1. It’s for you.

    (Source: vintagegal, via 60spublicserviceannouncements)

  2. pixography:

    Tito Salomoni

  3. (Source: generic-art, via whitedogblog)

  5. gameraboy:

    Thumbs up for the Bat-Copter.  From Batman (1966).

    (via whitedogblog)

  6. electripipedream:

    Thumb Tripping

  7. peashooter85:

    To Your Health —- Medicinal Beer in the Late 19th and Early 20th Century

    During the 1800’s and early 1900’s some of the strangest and most bizarre  cures and acts of quackery occurred, with peddlers selling miracle tonics and machines that could cure almost any ailment.  However in 1896 the beer industry would come up with one of the most interesting quack medicine campaigns in history; medicinal beer.

    In 1896 the Leibman Brewery of Brooklyn came up with a new type of beer called “Teutonic”.  Unlike other beers, Teutonic was marketed as a health tonic and cure, able to cure insomnia, dyspepsia, and other digestive ailments.  Incredibly, Teutonic was also marketed as an alternative to solid food for convalescents, and as a source of nourishment for nursing mothers.  It was claimed that nursing mothers should drink the beer, passing the beneficial health effects to their babies.

    So what was this new type of beer, often called “beer tonic”, and what made it so special?  Teutonic was brewed from a concentrated extract of malt and hops.  Essentially it was beer, but heavier, richer, and more alcoholic.  As one today can probably guess, the purported health benefits of beer tonics were dubious at best.  This did not stop the popularity of medicinal beers, as other big name brewers such as Pabst, Blatz, and Aheuser-Bush created their own beer tonics. While today drinking alcoholic beverages within moderation can have beneficial health effects, beer makers went wild claiming that their concoctions could cure almost any disease and common ailment.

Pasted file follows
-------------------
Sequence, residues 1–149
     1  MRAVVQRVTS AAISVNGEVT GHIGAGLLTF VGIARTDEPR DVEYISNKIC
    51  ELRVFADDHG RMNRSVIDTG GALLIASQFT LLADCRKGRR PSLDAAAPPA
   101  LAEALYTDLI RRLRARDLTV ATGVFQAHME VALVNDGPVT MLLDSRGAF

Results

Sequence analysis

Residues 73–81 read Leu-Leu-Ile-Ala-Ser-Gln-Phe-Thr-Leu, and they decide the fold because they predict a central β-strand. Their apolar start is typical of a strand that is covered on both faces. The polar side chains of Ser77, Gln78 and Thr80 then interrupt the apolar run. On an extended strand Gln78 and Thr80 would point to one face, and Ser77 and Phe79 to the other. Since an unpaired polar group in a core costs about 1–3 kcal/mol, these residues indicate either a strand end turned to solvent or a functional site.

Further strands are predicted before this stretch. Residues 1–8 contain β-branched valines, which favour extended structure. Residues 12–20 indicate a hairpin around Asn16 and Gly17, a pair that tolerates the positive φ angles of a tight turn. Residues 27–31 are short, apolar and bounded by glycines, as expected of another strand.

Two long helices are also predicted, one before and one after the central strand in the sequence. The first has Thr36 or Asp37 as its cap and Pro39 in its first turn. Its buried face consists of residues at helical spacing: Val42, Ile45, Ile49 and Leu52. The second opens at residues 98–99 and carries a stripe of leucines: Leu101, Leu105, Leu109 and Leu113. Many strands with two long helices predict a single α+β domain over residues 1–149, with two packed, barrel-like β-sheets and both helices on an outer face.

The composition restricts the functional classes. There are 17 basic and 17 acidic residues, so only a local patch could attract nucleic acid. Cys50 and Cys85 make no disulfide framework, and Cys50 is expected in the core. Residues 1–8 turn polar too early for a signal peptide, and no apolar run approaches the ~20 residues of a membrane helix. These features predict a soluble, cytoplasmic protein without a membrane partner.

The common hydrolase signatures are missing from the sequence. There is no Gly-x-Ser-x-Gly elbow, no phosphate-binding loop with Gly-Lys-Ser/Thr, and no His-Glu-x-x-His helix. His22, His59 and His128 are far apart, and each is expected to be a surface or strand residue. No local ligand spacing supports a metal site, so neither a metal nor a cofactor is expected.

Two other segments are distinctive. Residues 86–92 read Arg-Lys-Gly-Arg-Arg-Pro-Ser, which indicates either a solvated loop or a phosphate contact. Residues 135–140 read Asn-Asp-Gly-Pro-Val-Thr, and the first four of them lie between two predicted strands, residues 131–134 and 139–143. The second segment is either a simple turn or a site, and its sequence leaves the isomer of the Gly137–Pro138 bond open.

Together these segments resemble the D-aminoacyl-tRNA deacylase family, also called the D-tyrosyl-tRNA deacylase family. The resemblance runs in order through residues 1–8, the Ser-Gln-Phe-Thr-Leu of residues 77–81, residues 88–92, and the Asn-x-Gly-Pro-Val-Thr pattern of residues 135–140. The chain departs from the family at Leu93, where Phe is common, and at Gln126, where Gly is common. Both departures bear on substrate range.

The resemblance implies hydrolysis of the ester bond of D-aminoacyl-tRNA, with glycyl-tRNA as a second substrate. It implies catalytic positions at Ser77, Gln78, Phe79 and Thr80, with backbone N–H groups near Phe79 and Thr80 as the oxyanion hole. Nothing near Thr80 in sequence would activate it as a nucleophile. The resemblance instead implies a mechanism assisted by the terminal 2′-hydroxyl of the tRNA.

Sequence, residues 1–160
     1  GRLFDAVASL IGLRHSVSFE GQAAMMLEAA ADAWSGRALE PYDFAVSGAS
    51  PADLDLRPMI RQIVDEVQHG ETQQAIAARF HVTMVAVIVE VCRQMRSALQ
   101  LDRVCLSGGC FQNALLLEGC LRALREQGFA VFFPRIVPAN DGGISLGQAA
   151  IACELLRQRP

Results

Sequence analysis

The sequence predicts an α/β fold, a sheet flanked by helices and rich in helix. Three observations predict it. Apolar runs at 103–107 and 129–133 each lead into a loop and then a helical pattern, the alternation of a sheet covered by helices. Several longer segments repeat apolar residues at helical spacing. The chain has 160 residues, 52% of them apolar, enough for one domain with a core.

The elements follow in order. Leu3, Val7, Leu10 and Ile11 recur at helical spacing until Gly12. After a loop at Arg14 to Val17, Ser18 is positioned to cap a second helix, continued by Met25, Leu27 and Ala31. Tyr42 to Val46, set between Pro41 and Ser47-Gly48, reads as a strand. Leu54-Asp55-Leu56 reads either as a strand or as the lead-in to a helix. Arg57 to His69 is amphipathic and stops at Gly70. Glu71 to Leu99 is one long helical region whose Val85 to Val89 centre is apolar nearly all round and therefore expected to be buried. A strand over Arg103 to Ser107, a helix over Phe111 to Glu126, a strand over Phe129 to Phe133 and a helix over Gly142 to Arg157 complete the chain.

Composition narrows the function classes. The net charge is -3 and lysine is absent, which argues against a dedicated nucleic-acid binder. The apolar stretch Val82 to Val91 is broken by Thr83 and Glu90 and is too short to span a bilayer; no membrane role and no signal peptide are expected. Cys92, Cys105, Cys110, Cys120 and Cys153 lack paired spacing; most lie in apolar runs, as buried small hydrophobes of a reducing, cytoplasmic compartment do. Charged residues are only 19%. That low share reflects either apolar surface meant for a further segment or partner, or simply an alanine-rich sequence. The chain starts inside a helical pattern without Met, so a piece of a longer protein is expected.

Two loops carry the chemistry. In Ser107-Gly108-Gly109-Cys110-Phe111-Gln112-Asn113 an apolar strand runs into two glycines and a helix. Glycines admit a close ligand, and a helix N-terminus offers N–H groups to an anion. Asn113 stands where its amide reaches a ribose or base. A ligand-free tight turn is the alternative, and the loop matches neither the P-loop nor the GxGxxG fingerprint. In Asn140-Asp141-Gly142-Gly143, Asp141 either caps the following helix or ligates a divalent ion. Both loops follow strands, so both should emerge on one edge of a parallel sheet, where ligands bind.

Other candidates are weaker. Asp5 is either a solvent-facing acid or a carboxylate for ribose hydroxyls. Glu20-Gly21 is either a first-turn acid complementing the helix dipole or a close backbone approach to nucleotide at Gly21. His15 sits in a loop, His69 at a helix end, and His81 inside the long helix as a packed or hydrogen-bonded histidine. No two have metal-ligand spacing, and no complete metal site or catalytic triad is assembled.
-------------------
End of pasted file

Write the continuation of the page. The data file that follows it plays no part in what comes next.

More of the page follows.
By the 1920’s medicinal beer was considered bunk by most medical professionals and most educated people.  It popularity declined until the passage of the Volstead Act and the 18th Amendment, which banned alcohol and kicked off a period known as prohibition.  Suddenly the popularity of medicinal beers skyrocketed.  A person would go to his or her doctor complaining of an ailment, and with a wink and a nod the doctor would proscribe some beer tonic.  Prohibition would be the last hurrah of medicinal beer as real beer became legal once again with the repeal of the 18th amendment in 1933. 

    (Source: digitalcommons.calpoly.edu, via peashooter85)

  8. transparentoctopus:

    Edmund Dulac

    (via laudanumblues)

  9. gameraboy:

    Scooby-Doo, Where Are You! “Spooky Space Kook”

  10. patsyclash:

    Pollution kills!

    (Source: adbusters, via archaicrecursion)

  11. whiteguykarate:

    Mad Max 2: The Road Warrior (1982) | Kjell Nilsson

    (via laudanumblues)

  12. thepieshops:

    They’re In Love with Marchant Calculators

    No controls to set.
    Nothing to remember
    Nothing to forget.

    (via holespoles)

  13. magictransistor:


  14. (Source: dollmeat7, via inhumanoid)

  15. archiemcphee:

    Chicago-based artist Justin Gershenson-Gates, of A Mechanical Mind, uses the insides of old watches to create awesome little clockwork creatures and beautiful pieces of jewelry.

    "As a child, I would take my toys apart in order to see how they worked, but was never able to put them back together again. Now, I take dead old watches from the top drawers of the world, and rearrange their bits and widgets into whimsical designs.

    My aim is to show the beauty of the mechanical world, a place generally hidden from the public behind metal and glass. My pieces display the more delicate and ephemeral side of gears, rather than the cold, hard factory feel they normally portray.

    Visit Justin’s DeviantART Gallery and A Mechanical Mind to check out more of his elaborate creations. Original sculptures (like the ones pictured here) and pieces of jewelry are available via his Etsy shop.”

    [via Design Taxi]